Apple has been notified by Nasdaq that the company isn’t in compliance with requirements for continued listing on the tech stock market because of Apple’s delay in filing its quarterly report. Apple said it will request a hearing before a Nasdaq panel, and that its shares will remain listed pending the panel’s decision. Apple spokeswoman Katie Cotton told the Wall Street Journal that the company expects the Nasdaq hearing to be a “multimonth process.” Apple announced last week that it would delay filing its quarterly report with the Securities and Exchange Commission because of irregularities related to the issuance of stock-option grants.
Apple’s annual Worldwide Developers Conference (WWDC) will kick off today with a keynote presentation by company CEO Steve Jobs at 10:00 a.m. PT/1:00 p.m. ET. Jobs will give the first public preview of Mac OS X 10.5 Leopard, Apple’s next major operating system upgrade. As with all Jobs keynotes, rumors are flying about what else might be announced—everything from new Intel-based “Mac Pro” desktop systems to the long-rumored iPhone. While we’ll be watching closely today for any iPod related news at the event, analysts are expecting Jobs to stick with Mac offerings. American Technology Research analyst Shaw Wu said the probability is “low” that new iPods will be introduced today. “There is always room for firsts,” Wu said. “But WWDC is a Mac event and has not been used in the past for major iPod announcements.”
Apple has announced that it will likely need to restate financial earnings and delay filing its quarterly report because of additional irregularities found in its accounting of stock options as part of an ongoing investigation. “Apple is now among the most high-profile companies caught up in a stock options scandal that has swept through the technology industry,” reports Reuters. “The SEC has more than 80 investigations underway to determine if companies manipulated the prices of stock options given to executives. Apple will likely need to restate results to record noncash charges for compensation expense relating to past stock option grants. Apple said it had not determined the amount of the charges, resulting tax and accounting impacts, or which periods may require restating.”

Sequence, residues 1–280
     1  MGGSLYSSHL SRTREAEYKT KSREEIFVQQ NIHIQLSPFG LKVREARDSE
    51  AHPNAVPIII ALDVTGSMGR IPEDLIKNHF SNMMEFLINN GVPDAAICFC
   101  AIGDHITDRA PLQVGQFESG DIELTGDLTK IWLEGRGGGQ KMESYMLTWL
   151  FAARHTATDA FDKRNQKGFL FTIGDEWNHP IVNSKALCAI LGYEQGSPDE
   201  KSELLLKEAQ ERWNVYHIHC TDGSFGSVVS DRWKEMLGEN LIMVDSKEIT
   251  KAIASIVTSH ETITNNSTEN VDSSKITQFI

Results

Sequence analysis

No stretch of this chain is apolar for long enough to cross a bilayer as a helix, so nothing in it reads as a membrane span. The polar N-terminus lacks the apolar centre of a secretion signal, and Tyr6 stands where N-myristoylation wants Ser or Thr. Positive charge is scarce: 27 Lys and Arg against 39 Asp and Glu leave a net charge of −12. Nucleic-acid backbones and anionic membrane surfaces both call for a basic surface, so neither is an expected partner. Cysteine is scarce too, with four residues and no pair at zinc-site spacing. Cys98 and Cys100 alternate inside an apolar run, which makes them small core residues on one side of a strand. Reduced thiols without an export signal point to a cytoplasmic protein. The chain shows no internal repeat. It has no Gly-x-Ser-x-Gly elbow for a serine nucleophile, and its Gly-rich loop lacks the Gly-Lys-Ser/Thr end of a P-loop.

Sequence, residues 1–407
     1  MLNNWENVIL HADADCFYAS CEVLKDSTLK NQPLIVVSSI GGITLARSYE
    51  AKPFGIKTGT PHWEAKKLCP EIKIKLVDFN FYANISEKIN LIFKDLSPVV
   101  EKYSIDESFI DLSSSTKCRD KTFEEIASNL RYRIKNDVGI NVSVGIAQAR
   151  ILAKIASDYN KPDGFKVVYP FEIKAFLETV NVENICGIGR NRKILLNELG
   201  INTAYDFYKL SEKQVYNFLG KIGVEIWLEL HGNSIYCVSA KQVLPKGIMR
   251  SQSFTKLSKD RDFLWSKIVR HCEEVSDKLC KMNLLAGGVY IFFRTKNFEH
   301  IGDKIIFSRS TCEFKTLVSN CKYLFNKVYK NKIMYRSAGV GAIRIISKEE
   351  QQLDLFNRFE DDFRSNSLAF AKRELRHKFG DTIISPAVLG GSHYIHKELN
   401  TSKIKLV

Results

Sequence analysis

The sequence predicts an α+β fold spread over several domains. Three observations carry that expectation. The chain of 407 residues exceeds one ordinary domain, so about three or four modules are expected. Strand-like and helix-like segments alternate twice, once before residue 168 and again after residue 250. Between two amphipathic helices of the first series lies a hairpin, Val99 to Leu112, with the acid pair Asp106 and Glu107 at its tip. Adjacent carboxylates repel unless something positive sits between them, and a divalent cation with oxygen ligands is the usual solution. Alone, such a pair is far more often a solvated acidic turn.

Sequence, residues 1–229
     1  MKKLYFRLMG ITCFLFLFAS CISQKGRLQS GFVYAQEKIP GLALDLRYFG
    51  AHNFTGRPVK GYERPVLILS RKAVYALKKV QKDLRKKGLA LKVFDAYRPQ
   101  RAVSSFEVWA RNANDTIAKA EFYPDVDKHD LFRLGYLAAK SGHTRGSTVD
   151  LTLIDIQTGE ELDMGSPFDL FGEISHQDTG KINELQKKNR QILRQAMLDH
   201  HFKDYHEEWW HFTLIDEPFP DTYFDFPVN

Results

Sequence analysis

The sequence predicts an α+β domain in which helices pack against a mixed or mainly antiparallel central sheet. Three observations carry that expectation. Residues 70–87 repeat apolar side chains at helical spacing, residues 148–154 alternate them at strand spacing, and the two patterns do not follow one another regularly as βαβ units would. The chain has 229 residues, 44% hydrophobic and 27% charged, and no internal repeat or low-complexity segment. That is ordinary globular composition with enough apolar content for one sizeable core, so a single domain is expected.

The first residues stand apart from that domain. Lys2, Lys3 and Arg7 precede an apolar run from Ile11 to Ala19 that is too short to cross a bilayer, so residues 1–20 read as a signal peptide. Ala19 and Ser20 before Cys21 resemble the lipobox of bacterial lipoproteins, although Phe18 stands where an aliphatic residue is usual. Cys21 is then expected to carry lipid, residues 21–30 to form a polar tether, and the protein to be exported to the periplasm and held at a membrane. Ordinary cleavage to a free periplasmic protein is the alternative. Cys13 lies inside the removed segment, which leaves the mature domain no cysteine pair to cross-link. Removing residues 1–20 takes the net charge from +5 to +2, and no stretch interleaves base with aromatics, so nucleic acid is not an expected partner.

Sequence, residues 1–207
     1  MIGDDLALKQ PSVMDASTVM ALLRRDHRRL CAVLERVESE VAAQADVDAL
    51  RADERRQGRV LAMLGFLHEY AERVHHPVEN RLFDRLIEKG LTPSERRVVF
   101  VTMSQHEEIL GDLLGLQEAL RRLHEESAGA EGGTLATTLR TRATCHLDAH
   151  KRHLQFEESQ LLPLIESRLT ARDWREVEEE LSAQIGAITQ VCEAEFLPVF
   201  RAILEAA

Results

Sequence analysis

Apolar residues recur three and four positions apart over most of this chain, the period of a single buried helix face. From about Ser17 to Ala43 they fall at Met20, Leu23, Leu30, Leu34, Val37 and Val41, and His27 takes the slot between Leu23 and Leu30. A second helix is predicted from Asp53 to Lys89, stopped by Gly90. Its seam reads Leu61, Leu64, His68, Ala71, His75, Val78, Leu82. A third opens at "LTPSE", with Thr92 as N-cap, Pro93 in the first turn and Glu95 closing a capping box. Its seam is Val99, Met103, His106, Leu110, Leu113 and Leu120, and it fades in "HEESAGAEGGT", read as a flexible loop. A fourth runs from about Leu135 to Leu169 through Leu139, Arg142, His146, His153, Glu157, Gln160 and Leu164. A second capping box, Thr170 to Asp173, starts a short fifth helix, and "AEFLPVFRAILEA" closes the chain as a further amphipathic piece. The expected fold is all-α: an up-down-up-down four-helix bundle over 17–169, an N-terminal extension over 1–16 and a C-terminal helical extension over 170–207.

Apple will reports its fiscal third-quarter financial results on Wednesday after the markets close. Analysts surveyed by Thomson First Call are expecting earnings, on average, of 44 cents a share and revenue of $4.4 billion. Piper Jaffray analyst Gene Munster said he expects Apple to top Wall Street expectations on strong MacBook sales, but believes iPod unit sales could be “slightly below” forecasts.
Apple will not appeal the recent court decision that blocked its efforts to reveal the source who leaked product information to Apple enthusiast websites. CNET News.com reports: “The company’s deadline to continue a legal battle to find out who leaked the information to independent online journalists has passed, and Apple acknowledged in a brief court filing this week that it will not take its fight to the California Supreme Court. On May 26, a state appeals court rejected Apple’s attempt to send a subpoena to obtain records and archived e-mail from Jason O’Grady, PowerPage.org’s creator, and Kasper Jade, the pseudonymous publisher and editor-in-chief of AppleInsider.”
Apple said today that Yoshiaki Sakito, its vice president of marketing in Japan, has stepped down. “Sakito has been credited with leading a successful marketing push for Apple’s iPod portable digital music player in Japan,” reports AP. “The iPod has been a big success in Japan as it has in the rest of the world, dominating the market. Sakito was the most visible executive in the iPod’s Japan push, and the Nikkei said his departure highlights divisions with the managerial ranks.” Phil Schiller, Apple’s senior vice president of worldwide marketing, will replace Sakito until a successor is named.
Apple has disclosed that two derivative lawsuits have been filed against its current and former officers and directors relating to the company’s awarding of stock option grants. The suits were filed in the United States District Court for the Northern District of California and the Superior Court for Santa Clara County. Last week, Apple proactively announced that it had discovered irregularities in the issuance of certain stock option grants. The company is conducting an independent investigation into the matter and said it is currently evaluating its response to the lawsuits.
Apple said today that an internal probe had discovered irregularities related to the issuance of stock option grants between 1997 and 2001. The company confirmed that one of the grants in question was to Apple CEO Steve Jobs, but said it was subsequently cancelled and resulted in no financial gain. Apple said it has notified the U.S. Securities and Exchange Commission and that a special external committee will perform an investigation. “Apple is a quality company, and we are proactively and transparently disclosing what we have discovered to the SEC,” said Jobs. “We are focused on resolving these issues as quickly as possible.”